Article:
What happened to give this question of the relation between Jesus and his Judaism such importance for Christians? It was the Holocaust. The Holocaust turned a brilliant, almost blinding light on the inherited views of most Christians and their churches concerning Jews and Judaism. That light threw the theological world of Christianity into a high relief of guilt, chaos, and retraction. This was partly because Christian theologians as a whole were silent in relation to the suffering of the Jewish people before and during the Holocaust. "One effect [of the Holocaust] was to make the Christian world see how wrong the relationship between Jew and Christian had been and to take a fresh look at it."
The study of Jesus' life has, since the rise of Holocaust awareness, reflected a pervasive and deep-seated diffidence on the part of many Christians in relation to their Jewish heritage. The study of his life now bears the imprint of Holocaust guilt and Christian shame.
The drive, therefore, to draw lines of continuity connecting Jesus to Judaism has become extremely strong. The breaks in such lines of continuity - the discontinuities, in other words - have become a little embarrassing, a little close to historic Christian anti-Judaism and thus all too close to anti-Semitism. This is why current Christian thinking about the historical Jesus stresses and underscores the continuity of his life and words with the Jewish background from which he came. The Christian world, discovering itself for reasons of Holocaust guilt to be on the defensive, has sought to re-Judaize its principal figure. Jesus of Nazareth has become enculturated in the ancient past.
Can such a heavily determined figure of history continue to exist as a universal person for the world? Can a Jesus who is solidly contextualized within the world of Second Temple Judaism also be the object of a worldwide religion?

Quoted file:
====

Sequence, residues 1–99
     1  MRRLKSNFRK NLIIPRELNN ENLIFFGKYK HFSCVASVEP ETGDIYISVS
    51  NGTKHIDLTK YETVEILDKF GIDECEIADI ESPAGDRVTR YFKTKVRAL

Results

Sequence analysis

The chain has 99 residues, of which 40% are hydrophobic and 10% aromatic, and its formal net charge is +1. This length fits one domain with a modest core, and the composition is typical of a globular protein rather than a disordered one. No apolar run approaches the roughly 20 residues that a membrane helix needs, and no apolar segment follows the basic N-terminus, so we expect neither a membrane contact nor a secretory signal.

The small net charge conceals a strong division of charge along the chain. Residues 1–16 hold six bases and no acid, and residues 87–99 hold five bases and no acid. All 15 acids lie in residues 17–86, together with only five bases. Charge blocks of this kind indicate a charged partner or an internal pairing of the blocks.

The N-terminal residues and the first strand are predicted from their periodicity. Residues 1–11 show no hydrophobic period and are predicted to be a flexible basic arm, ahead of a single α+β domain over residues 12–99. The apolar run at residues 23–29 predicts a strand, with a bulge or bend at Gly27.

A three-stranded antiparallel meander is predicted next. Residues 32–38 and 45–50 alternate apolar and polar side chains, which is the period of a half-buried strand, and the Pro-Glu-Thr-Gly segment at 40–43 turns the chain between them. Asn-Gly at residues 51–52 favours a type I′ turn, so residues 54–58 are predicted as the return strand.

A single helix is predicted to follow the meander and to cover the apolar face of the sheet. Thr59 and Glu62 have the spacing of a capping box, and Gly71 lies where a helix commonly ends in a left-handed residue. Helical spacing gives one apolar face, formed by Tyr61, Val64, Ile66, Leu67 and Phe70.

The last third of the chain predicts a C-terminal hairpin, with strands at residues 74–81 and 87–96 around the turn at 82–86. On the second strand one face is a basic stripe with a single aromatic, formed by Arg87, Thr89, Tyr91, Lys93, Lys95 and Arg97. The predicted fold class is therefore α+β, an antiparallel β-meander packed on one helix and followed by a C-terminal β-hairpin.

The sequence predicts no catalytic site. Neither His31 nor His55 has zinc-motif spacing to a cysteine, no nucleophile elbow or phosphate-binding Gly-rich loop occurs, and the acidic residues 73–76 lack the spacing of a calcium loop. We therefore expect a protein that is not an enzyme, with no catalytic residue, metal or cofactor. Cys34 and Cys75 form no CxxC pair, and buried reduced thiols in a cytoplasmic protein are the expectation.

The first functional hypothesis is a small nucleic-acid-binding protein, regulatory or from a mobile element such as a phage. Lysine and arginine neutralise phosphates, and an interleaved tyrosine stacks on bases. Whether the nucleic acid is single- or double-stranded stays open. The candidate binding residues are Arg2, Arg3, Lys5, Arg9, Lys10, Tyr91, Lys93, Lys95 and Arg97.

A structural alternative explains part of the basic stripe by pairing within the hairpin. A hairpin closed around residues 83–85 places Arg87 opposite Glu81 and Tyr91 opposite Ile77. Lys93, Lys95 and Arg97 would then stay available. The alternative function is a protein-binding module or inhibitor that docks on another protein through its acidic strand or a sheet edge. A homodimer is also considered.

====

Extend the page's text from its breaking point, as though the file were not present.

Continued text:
In the question of Jesus' Jewish context, we are up against a perennial issue in the history of thought. What is the relation of a general concept or idea to the context from which or in which it originated? Nothing comes from nothing. Haydn wrote string quartets before Mozart wrote his. Sondheim wrote West Side Story before he wrote Company. Jesus taught in continuity with the context in which he had been reared. He was taught by the rabbis and in turn taught in their synagogues.
But a Jesus in unbroken continuity with Judaism is problematic for traditional Christianity. A Jesus in unbroken continuity with Judaism can give the impression that traditional Christian theology has been guilty of making him into a "Christ-figure," a savior-messiah very different from the man who really lived and really was. A Jesus primarily in continuity is hard to recognize as the one whom Christians worship as "my Lord and my God" (John 20:28).
There is an old distinction in theology between the "Jesus of history" and the "Christ of faith." This distinction refers to the difference between the historical figure of Jesus in his actual life and death and the divine object of faith who became transnationally real to believers after the resurrection. The distinction is correct in the sense that we all know what a huge difference exists between an actual person we love who lived and died in the past and the place that person now holds in our heart and memory. We romanticize the one who died. Or maybe we curse him. We paper over the bitter memories in favor of the good ones, or forget the good memories and focus on the bad. We remember selectively, depending on our original attitude toward the person. Such selectivity would have also had to be true, in memory and recall, regarding Jesus who became known as Christ. Inevitably a gap would come to exist between the person as he was in life and the person who lived on in the mind's eye. That much is obvious and reasonable.
The problem comes when Christian theologians regard the gap between the Jesus of history and the Christ of faith as being deeper than it really is. The impression left on the mind and memory by someone's action or word is based on that action or word. There is projection, naturally, but the impression that lingers came about from an event that really took place. Every memory begins with something that occurred in time. The overwhelming impression created by Jesus on his hearers has to have been rooted in something that happened. Jesus' memory among the first Christians has to have been rooted in remembered things.